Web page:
Background Natural Killer (NK) cells can detect and eliminate virally-infected and malignant cells. As such, major efforts are underway to identify pathways that regulate these protective immune functions and exploit these for novel anti-cancer therapies. NK cells are dependent on IL-15 for their differentiation, survival and function within solid tumors, and negative regulators of this axis represent attractive drug targets. However, functional genomic screening in NK cells has been hampered by their resistance to viral transduction and efficient genome editing.
Methods We developed a CRISPR-based framework for large-scale screening in primary human NK cells and derived lines as well as rapid target validation in vitro and in vivo. Human NK92 cells with Cas9 (KO) or dCas9-VP64 (activation) were transduced with a genome-wide guide library and cultured under low IL-15 or optimal growth conditions and sequenced after an extended culture period for comparison against the initial library. A druggable sub-library was also designed for screening in multiple primary human NK donors under similar limiting IL-15 conditions.
Results Amongst the top enriched hits in human NK cells under limiting IL-15 availability were Cish (cytokine-induced SH2 containing protein) and oNKo-036-040. The genetic knockout of these targets identified within the multiple CRISPR screens led to enhanced NK cell proliferation assessed by EdU uptake and release of key pro-inflammatory cytokines and chemokines. Under in vitro serial killing pressure where tumor targets are replenished at regular intervals, Cish and oNKo-036-040 KO dramatically enhanced primary human NK cell cytotoxicity compared with control AAVS1 KO, which undergo functional exhaustion with repeated challenges. Furthermore, oNKo36-40 deletion alleviated NK cell immunosuppression in the presence of adenosine (NECA), prostaglandin (PGE2) and TGF-beta. oNKo-036-040 deletion further enhanced anti-BCMA CAR-NK cell function in vitro under conditions of serial tumor challenge. Target deletion in murine NK cells recapitulates human data with oNKo-037 KO enhancing IL-15 signalling and supports murine NK cell anti-metastatic function in vivo. Mechanistically, bulk RNAseq data from primary human NK cells modified with AAVS1 or oNKo-037 sgRNA indicates enhanced metabolic profile with target KO necessary for NK cell survival, persistence and effector function.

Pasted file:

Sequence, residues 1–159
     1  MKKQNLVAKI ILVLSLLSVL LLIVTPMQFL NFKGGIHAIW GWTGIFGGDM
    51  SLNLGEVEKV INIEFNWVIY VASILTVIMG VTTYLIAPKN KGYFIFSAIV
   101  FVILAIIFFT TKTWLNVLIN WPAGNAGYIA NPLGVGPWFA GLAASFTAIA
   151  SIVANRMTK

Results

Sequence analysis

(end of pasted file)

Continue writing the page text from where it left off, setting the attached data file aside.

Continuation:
Conclusions Functional genomic screens in primary human NK cells have revealed potent negative regulators of IL-15 signalling. Ablating IL-15 checkpoints in NK cells results in enhanced IL-15 signalling which translates to improved NK cell fitness and anti-tumor immunity. Cytokine checkpoints are orthogonal to traditional immune checkpoints and warrant drug discovery efforts for mono- and combination cancer immunotherapy trials.
Acknowledgements We acknowledge all the staff past and present at oNKo-Innate
Ethics Approval Monash University Human Ethics Approval #20458
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